EE Limited and Hutchison 3G UK Limited v Aviva Investors Ground Rent Holdco Limited and Aviva Investors Ground Rent GP Limited and others  UKUT 57
WBD acted on behalf of EE and Three (the Operators) in a successful application to the Upper Tribunal (Lands Chamber) (the Tribunal) to obtain rights under the Electronic Communications Code (the Code) over a rooftop site in Central London.
The Operators agreed to move from a nearby site to facilitate a redevelopment by the building owner and needed a temporary replacement until a new permanent site could be found to ensure there was no impact on their respective 3G and 4G services. They sought rights under the Code over the rooftop of 24 Leonard Street, a residential block of apartments owned on a long lease by Aviva. Following unsuccessful attempts to negotiate, the Operators initially served a notice on Aviva under paragraph 26 of the Code seeking interim rights to install apparatus on the roof of the block. Agreement was not reached on a consensual basis, so the Operators then made an application to the Tribunal for interim rights under paragraph 26 of the Code. Aviva opposed the application on grounds of privacy, structural concerns and that the public benefit test under paragraph 21 of the Code had not been satisfied.
Case management hearing
The Tribunal has the power to impose interim rights at a case management hearing (CMH). However the Tribunal was not willing to exercise its discretion to do so, nor to make an order which would also bind the top floor penthouse owners directly impacted by the installation works without them also being given the opportunity to make representations at a substantive hearing. The Tribunal also raised concerns that, in the limited time available at the CMH, it could not fully consider whether the public benefit test for the imposition of interim rights under paragraph 26 (a good arguable case) would be met.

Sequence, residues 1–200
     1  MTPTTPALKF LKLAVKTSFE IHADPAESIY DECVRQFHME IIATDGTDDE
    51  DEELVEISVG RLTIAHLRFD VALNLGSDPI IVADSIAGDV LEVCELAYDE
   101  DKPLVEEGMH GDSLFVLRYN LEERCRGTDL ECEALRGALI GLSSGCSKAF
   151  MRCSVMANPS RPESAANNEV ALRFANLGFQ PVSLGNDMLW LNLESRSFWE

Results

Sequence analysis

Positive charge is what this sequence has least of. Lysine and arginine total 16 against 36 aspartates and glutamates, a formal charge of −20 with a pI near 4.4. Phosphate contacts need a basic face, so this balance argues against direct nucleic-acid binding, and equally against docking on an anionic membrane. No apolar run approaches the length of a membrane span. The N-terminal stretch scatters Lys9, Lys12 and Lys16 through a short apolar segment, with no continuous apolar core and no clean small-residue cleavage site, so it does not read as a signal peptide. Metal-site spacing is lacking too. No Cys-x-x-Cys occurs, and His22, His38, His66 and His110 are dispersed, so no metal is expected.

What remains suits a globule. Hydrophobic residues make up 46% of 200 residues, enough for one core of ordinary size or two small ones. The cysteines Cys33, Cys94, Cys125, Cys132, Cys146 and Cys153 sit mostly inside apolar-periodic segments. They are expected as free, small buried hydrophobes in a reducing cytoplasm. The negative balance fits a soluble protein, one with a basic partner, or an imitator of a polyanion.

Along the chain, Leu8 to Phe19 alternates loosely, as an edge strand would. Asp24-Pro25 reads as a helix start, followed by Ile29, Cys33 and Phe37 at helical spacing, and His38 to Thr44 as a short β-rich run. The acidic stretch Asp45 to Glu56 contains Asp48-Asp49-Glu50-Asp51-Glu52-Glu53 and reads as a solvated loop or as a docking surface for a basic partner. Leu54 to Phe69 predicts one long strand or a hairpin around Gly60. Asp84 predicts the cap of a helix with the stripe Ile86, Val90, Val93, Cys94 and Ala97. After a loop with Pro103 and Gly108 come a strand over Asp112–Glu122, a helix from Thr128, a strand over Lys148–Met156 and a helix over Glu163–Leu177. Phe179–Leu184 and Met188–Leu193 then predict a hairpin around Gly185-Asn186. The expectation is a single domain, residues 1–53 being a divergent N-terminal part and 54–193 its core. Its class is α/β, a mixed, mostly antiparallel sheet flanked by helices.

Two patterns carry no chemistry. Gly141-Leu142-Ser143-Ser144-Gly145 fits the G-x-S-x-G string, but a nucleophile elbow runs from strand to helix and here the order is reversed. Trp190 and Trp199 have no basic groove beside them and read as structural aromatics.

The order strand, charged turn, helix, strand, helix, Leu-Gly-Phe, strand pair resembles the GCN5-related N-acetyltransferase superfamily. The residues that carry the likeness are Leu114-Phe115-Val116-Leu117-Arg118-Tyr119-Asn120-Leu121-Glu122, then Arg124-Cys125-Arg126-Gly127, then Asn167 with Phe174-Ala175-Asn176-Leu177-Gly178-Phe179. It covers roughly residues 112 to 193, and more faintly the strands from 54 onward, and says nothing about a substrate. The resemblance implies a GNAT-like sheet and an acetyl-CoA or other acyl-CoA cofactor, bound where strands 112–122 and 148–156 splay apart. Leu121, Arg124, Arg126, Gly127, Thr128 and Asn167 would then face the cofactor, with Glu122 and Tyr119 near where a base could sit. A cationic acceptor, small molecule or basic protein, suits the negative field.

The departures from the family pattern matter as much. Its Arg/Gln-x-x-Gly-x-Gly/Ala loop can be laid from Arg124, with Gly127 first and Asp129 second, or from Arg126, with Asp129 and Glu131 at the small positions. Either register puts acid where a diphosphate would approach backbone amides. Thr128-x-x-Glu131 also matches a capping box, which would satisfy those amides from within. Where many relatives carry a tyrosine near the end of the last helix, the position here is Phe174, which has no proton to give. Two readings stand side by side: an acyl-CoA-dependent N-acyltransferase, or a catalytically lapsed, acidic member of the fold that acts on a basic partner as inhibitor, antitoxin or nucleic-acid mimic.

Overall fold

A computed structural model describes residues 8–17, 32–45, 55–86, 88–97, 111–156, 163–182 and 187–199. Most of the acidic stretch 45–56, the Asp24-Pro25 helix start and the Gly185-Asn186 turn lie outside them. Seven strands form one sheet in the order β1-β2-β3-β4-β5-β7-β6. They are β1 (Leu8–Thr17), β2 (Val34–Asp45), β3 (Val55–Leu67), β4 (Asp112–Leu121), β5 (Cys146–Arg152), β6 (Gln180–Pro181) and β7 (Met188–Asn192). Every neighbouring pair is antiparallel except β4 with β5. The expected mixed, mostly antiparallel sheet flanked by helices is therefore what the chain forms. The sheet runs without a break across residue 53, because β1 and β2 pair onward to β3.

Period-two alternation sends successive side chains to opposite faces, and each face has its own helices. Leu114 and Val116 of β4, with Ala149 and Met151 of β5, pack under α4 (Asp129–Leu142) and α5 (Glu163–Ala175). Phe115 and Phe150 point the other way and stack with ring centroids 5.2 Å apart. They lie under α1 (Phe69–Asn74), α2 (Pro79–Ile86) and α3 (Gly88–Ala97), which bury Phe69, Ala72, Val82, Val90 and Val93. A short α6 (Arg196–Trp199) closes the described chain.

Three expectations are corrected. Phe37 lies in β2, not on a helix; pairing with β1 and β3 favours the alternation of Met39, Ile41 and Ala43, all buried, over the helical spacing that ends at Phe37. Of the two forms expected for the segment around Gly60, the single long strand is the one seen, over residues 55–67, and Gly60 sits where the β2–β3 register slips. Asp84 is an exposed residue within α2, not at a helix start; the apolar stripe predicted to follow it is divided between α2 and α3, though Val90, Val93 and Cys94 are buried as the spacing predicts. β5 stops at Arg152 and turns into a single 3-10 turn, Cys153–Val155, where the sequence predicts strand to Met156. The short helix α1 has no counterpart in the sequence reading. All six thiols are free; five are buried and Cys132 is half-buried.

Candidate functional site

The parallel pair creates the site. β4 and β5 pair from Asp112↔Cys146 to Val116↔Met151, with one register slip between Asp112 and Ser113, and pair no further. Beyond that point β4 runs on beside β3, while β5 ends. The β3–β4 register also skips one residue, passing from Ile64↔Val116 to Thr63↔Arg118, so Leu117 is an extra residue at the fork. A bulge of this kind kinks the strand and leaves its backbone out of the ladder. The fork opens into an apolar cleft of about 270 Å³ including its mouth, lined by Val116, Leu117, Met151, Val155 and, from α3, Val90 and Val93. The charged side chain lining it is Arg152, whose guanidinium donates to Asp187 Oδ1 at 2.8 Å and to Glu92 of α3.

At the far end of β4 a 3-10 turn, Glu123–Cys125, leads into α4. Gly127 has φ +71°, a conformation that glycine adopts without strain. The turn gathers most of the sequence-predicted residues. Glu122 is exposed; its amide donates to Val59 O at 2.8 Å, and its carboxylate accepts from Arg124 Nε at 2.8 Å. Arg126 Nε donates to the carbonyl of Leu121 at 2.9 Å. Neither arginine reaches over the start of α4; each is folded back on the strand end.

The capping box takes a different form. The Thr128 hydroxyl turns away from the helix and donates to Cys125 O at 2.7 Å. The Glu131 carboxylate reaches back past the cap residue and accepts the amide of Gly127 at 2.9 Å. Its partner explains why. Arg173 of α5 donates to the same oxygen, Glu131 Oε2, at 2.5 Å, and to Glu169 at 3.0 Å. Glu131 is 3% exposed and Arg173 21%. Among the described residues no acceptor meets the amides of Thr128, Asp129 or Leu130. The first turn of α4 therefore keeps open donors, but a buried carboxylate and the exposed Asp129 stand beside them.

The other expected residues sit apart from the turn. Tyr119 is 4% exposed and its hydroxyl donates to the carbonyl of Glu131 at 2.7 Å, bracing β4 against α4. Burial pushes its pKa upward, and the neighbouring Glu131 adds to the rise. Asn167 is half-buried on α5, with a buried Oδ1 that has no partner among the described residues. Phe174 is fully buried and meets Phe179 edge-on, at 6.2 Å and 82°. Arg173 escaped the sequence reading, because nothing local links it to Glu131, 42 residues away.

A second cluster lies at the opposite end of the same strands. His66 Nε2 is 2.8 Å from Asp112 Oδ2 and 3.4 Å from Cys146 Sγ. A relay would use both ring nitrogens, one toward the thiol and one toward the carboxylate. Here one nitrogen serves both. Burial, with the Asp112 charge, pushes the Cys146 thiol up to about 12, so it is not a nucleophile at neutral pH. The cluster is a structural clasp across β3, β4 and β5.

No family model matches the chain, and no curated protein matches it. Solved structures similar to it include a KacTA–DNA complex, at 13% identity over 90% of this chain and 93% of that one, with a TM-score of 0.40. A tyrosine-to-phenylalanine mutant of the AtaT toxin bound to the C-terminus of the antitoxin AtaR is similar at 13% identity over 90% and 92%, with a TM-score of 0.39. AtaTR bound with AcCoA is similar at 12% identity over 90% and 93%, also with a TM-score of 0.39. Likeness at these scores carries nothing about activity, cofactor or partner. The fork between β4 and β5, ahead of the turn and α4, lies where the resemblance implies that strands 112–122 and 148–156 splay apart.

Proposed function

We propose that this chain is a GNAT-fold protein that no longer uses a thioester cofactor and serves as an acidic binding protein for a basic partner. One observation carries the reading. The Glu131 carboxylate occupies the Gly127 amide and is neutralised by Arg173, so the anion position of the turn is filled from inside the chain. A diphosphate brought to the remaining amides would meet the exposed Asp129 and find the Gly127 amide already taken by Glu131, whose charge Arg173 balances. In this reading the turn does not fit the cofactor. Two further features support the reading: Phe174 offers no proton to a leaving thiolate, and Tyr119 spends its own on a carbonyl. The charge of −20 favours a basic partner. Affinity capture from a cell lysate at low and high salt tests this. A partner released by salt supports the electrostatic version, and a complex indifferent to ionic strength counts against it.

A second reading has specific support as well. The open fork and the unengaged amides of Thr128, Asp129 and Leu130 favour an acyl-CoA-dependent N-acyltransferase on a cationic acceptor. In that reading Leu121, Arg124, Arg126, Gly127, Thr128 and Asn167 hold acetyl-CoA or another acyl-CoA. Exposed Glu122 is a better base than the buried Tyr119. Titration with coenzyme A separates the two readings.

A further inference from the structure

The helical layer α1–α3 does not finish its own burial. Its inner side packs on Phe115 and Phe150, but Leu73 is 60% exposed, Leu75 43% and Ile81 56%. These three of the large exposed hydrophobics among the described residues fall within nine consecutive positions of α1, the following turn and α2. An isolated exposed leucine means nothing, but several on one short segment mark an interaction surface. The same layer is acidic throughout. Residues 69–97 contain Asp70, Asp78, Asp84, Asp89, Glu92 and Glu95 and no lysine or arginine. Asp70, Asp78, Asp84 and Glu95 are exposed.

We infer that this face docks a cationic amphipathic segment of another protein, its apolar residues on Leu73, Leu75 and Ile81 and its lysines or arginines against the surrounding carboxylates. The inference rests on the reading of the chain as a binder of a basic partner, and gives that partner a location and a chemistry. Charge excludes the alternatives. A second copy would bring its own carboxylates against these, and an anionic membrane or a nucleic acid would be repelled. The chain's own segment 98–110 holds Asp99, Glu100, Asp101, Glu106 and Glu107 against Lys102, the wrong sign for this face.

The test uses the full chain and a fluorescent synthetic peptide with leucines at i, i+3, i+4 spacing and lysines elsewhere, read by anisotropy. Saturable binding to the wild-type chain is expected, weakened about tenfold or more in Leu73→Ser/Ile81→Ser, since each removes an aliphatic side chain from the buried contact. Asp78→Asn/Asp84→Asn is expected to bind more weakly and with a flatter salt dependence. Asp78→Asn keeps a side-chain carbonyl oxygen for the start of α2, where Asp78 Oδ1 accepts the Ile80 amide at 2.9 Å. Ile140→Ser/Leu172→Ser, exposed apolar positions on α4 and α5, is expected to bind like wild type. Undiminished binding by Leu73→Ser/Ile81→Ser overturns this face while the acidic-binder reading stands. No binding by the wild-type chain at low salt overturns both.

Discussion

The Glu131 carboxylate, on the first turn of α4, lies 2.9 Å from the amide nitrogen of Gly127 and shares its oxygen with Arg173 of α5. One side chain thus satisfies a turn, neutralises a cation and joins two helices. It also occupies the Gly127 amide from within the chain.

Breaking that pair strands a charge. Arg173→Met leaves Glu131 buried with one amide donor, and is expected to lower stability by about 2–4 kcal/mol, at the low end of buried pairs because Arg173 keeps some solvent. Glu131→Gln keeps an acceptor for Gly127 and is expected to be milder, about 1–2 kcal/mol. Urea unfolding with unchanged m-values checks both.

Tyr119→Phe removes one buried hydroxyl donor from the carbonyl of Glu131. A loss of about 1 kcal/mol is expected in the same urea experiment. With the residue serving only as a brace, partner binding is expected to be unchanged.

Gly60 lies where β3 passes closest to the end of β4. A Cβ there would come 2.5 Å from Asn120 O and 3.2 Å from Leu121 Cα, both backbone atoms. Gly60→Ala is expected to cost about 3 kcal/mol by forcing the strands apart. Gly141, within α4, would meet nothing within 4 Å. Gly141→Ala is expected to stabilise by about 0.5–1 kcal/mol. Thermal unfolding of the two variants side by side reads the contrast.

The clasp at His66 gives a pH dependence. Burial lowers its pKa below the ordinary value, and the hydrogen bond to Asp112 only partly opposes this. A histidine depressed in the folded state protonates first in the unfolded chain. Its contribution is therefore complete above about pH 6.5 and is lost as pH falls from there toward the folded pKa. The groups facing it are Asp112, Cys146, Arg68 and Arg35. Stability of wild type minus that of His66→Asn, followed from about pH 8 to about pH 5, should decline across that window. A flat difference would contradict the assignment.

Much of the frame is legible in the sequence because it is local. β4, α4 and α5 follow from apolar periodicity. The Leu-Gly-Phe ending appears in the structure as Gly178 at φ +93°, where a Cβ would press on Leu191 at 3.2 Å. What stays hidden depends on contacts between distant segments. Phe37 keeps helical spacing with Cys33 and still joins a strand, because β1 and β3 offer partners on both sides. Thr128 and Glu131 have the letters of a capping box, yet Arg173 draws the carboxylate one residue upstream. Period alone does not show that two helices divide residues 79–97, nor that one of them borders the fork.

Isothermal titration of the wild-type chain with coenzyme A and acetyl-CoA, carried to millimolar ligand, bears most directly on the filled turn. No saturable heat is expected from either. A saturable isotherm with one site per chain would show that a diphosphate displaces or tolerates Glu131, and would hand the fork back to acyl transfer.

Taking on board the Tribunal's comment at the CMH, the Operators then served further notices and made further references under both paragraphs 20 and 26 against Aviva, the freehold owner and the residents of the penthouse apartments. Following the provision of expert evidence by the Operators in respect of structural viability and also to demonstrate the Operators’ need for the replacement site in terms of the coverage and capacity loss from the existing site, Aviva withdrew their objections and the parties agreed terms for an agreement to be imposed under paragraph 26. The freeholder agreed to be bound by the Code rights and the penthouse residents did not formally object to the installation. On the evidence provided, the Tribunal was satisfied that the public benefit test had been met and imposed an agreement under paragraph 26 of the Code.
A link to the Tribunal's decision can be found here.